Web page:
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The Removal Of Pharmaceuticals From Wastewater By Anaerobic Digestion

Congress: 2015
Author(s): Kaitlin Ramsay, Ole Pahl, Moyra McNaughtan, Colin Hunter
Glasgow Caledonian University1

Keyword(s): Sub-theme 13: Non-conventional sources of water,
Abstract Ramsay, K1 supervised by Pahl, O1., McNaughtan, M1. and Hunter, C1.

1 Glasgow Caledonian University, School of Engineering and Built Environment, Cowcaddens Road, Glasgow, G4 0BA. Contact Email: Kaitlin.Ramsay@gcu.ac.uk

Introduction: Many pharmaceuticals are partially metabolised and both the parent compound and its active metabolites are excreted via the urine or faeces. Unwanted or out-of-date pharmaceutical products are also often disposed of via the toilet. The resultant pharmaceutical residues reach wastewater treatment plants (WWTP), which are not capable of fully removing all of these compounds prior to distributing treated water back into the environment (Halling-Sorensen, 1998; Hedgespeth, 2012; Guerra, 2014; Pills, 2012). Whilst the concentrations of these micropollutants are expected to be relatively low, there is a lack of knowledge in regards to the fate of these substances and their bioaccumulation throughout the environment could impose irreversible effects (Diaz-Cruz et al., 2003).
The anaerobic digestion (AD) process has been widely adopted by industry to facilitate the breakdown of sewage sludge and research suggests that it also increases pharmaceutical removal rates (Samaras et al., 2013). This report will determine the pharmaceutical removal efficiency of AD. Crucially, as the majority of pharmaceutical residues of concern lies with the aqueous phase of wastewater, it will investigate the direct anaerobic treatment of wastewater.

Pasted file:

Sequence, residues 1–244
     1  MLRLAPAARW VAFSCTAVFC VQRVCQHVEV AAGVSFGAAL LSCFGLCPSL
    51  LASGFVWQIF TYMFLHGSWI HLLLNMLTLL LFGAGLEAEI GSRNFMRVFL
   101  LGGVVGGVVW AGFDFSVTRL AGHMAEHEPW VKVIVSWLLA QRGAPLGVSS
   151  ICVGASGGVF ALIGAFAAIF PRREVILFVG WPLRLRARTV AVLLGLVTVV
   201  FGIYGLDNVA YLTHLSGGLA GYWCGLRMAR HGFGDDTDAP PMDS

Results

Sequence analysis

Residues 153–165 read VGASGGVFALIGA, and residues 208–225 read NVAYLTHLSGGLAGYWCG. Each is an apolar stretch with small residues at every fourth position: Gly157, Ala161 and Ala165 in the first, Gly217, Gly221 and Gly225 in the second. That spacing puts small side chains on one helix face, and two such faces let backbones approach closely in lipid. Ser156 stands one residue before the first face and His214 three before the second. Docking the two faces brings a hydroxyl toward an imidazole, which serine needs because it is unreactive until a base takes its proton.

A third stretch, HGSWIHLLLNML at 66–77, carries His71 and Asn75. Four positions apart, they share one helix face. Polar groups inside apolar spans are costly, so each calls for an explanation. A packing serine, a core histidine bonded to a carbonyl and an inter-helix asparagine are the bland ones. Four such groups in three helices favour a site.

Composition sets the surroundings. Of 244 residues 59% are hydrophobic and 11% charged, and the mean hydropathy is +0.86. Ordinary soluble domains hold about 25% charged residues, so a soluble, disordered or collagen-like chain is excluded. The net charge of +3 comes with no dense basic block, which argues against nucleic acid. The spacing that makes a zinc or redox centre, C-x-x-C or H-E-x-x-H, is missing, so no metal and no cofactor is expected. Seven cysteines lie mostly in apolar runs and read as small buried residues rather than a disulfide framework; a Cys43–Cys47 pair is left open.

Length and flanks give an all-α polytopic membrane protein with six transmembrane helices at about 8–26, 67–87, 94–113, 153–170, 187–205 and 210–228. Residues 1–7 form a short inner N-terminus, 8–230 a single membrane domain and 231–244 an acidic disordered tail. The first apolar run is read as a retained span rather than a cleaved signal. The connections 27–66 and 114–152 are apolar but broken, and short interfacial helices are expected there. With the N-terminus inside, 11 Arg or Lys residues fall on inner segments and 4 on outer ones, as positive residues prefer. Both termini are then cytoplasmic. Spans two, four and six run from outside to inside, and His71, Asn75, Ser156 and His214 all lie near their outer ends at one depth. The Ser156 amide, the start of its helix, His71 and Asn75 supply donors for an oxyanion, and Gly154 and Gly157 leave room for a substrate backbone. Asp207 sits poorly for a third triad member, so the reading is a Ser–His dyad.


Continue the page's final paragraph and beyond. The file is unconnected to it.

Methodology: Two anaerobic digesters (20L; 2L inoculum:18L substrate; 5 days hydraulic retention time) have been inoculated and fed with artificial wastewater that has been prepared in accordance to the OECD guidelines (OECD, 2001). Digesters will be used for long term process monitoring and for production of inoculums for batch tests. Batch tests are set to mimic the same conditions of the reactors at a working volume of 400ml and will evaluate the impact of temperature and loading on process performance. The project will determine the effects of temperature on pharmaceutical removal by applying psychrophilic (5-25C) and mesophilic (25-40C) conditions to each reactor (Connaughton et al., 2006). The AD process is monitored by measuring: biogas production by gas chromatography, volatile fatty acids formation by liquid chromatography, removal of chemical oxygen demand (COD) and nitrogen transformations (TKN, TAN, nitrate).
Once steady state of the AD process is established, wastewater will be spiked with priority pharmaceuticals at relevant concentrations: Atenolol (8.626g/L), Carbamazepine (0.289g/L), Ciprofloxacin (1.885g/L), Clarithromycin (1.855g/L), Fluoxetine (1.543g/L), Naproxen (25.732g/L), Oxytetracycline (3.388g/L), Paracetamol (46.752g/L), Ranitidine (5.377g/L) and Simvastatin (1.994g/L). The realistic concentrations calculated are based on 2012/13 national (Scottish) community consumption (Source: Personal Communication, Helwig (to be written up)). Their removal will be detected by liquid chromatography/ mass spectrometry (Thermal Fisher Q Exactive).